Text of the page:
For the 0.5 percent of the folks who to which this tidbit pertains — that would be the Linux-on-PowerPC crowd . . . er, group . . . er, trio — the Fedora Project released the alpha version of its Fedora 17 PowerPC version. The release notes are here.
Many long-time readers of this blog who are not family (and even those who are) know that I’ve always had a soft spot for older Macintosh hardware, and those of you who admit to knowing me for a long time know that I’ve had several PowerPC machines running various distros, mostly Debian and Fedora, but a couple of OpenSUSE boxes, too (while it lasted, the G4 tower ran great on OpenSUSE’s PPC version before they gave it the heave-ho). I even mourned briefly against the demise of the PowerPC architecture, but I understand that if 0.5 percent of the Linux community is using a particular architecture, it’s a good idea to probably put resources elsewhere.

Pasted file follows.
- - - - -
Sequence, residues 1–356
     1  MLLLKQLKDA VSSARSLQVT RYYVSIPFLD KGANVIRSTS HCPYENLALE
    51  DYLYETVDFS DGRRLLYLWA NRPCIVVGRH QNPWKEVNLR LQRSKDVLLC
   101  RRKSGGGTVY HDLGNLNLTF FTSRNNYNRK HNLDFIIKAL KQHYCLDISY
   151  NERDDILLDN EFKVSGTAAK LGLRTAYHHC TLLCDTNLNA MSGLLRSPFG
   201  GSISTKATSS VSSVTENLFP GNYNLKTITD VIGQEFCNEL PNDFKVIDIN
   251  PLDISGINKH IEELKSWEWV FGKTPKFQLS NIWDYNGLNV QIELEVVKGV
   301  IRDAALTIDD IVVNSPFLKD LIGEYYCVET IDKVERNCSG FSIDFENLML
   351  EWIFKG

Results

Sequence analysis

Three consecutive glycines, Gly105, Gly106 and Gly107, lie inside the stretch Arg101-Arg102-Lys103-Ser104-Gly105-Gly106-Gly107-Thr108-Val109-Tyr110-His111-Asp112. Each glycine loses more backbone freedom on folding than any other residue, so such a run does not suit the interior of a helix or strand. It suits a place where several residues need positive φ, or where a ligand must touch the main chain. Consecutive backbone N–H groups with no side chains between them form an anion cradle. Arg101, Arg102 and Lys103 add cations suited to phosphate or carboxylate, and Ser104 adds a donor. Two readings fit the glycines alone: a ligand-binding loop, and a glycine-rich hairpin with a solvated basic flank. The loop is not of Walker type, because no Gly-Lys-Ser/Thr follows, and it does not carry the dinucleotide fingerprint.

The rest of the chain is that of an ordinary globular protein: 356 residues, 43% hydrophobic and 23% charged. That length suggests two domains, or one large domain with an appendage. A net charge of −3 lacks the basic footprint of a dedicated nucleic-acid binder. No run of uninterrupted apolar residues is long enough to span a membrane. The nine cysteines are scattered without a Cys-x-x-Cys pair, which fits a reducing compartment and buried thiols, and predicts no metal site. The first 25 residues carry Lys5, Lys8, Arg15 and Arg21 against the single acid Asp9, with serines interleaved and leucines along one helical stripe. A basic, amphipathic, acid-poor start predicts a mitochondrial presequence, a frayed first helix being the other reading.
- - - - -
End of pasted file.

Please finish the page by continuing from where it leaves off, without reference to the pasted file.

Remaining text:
So it became Debian who kept the flame alive, until Fedora picked it up again. Thanks, Fedora, and now I’ll try this on the eMac that’s collecting dust in the corner.
(Larry Cafiero is one of the founders of the Lindependence Project and develops business software at Redwood Digital Research, a consultancy that provides FOSS solutions in the small business and home office environment.)
Those of you outside my family who regularly read this irregularly scheduled blog know that I often sing the praises of the PowerPC processor and often rail against the indifference that many distros pay toward this great platform.
Of course the reason for this is simple: I’m a Mac guy from way back — from the circle-the-wagons days — and when I made my conversion to GNU/Linux it was Debian on an iMac. That was a couple of years ago, and during that time I have warmed up to other platforms and other distros; as I’ve written before, I even sing the praises of Dell from time to time (especially on their accessibility when it comes to maintenance, but I digress).